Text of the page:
Last year, the Trump White House manufactured controversy over Michelle Wolf’s performance at the Correspondents’ Dinner, causing the Correspondents’ Association to say no to a comedian hosting the event — here’s why former White House staffer David Litt says that’s a mistake.
“We have had a comedian at the White House Correspondents’ Dinner for decades straight,” he explained. “Every year, people made fun of Obama.”
And though comedians have poked fun at presidents in the past, administrations never manufactured outrage for no reason, because it’s just a joke.
“What’s the big deal? If you have such a thin skin, you should not be president,” Litt said. “And more important, there’s something fundamentally democratic about having someone stand up in front of the leader of the free world and make fun of them a little bit.”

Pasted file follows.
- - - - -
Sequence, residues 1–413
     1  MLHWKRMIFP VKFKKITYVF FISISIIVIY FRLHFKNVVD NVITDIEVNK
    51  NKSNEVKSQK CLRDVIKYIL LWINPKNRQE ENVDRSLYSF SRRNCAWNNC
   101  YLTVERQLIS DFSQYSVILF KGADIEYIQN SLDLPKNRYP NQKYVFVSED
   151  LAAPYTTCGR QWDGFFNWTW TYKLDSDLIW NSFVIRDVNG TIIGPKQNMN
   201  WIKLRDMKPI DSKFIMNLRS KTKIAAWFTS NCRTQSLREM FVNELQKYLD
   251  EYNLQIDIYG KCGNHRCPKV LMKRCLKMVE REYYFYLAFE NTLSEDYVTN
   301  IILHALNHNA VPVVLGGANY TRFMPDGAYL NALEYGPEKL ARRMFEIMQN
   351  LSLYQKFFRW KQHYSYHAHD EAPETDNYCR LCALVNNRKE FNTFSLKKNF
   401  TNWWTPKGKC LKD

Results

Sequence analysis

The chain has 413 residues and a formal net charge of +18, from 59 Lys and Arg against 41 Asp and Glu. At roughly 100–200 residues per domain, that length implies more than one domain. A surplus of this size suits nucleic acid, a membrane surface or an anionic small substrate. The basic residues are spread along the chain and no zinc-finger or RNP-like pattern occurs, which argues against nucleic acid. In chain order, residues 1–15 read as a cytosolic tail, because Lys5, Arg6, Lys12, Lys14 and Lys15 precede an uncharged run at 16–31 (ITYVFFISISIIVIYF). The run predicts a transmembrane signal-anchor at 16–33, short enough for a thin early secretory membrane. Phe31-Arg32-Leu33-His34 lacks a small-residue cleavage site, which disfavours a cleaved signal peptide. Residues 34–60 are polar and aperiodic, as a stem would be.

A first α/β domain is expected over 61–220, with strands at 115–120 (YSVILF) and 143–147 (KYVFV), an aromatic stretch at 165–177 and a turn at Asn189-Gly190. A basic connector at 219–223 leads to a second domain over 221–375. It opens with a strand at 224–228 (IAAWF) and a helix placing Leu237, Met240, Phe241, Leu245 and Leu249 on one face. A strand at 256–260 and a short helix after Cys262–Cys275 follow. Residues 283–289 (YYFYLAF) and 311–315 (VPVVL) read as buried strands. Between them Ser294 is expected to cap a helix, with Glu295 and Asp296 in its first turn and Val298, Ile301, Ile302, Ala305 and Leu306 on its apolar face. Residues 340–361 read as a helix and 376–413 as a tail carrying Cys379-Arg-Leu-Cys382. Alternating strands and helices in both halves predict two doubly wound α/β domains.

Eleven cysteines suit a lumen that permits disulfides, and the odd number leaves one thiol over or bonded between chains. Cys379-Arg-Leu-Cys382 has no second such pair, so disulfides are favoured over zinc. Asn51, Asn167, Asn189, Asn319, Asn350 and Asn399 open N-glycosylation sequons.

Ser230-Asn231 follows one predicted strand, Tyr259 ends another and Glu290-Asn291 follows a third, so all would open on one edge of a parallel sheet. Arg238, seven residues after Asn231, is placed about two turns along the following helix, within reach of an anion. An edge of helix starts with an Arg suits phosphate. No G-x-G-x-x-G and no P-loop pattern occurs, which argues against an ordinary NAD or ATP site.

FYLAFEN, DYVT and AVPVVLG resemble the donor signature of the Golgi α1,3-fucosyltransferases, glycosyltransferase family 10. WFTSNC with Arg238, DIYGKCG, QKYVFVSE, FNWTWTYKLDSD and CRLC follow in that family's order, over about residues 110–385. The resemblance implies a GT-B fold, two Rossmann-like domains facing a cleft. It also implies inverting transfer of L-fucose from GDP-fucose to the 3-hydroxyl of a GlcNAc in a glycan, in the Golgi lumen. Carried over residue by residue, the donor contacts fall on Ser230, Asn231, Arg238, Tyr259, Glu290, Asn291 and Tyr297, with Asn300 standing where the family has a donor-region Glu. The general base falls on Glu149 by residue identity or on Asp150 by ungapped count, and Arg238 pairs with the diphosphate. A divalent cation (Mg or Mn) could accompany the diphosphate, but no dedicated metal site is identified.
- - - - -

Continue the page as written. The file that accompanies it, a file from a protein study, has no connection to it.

Litt says the Correspondents’ Dinner is sort of a reminder that in a democracy we don’t just talk about free speech, we exercise it.
“This year the headliner, instead of a comedian, is gonna be historian Ron Chernow,” he said. “I don’t know the message the Correspondents’ Association was hoping to send, but I do know the message they sent. The message is: If you manufacture a fake controversy, some of your attacks on freedom of speech and, by association, freedom of the press, will succeed.”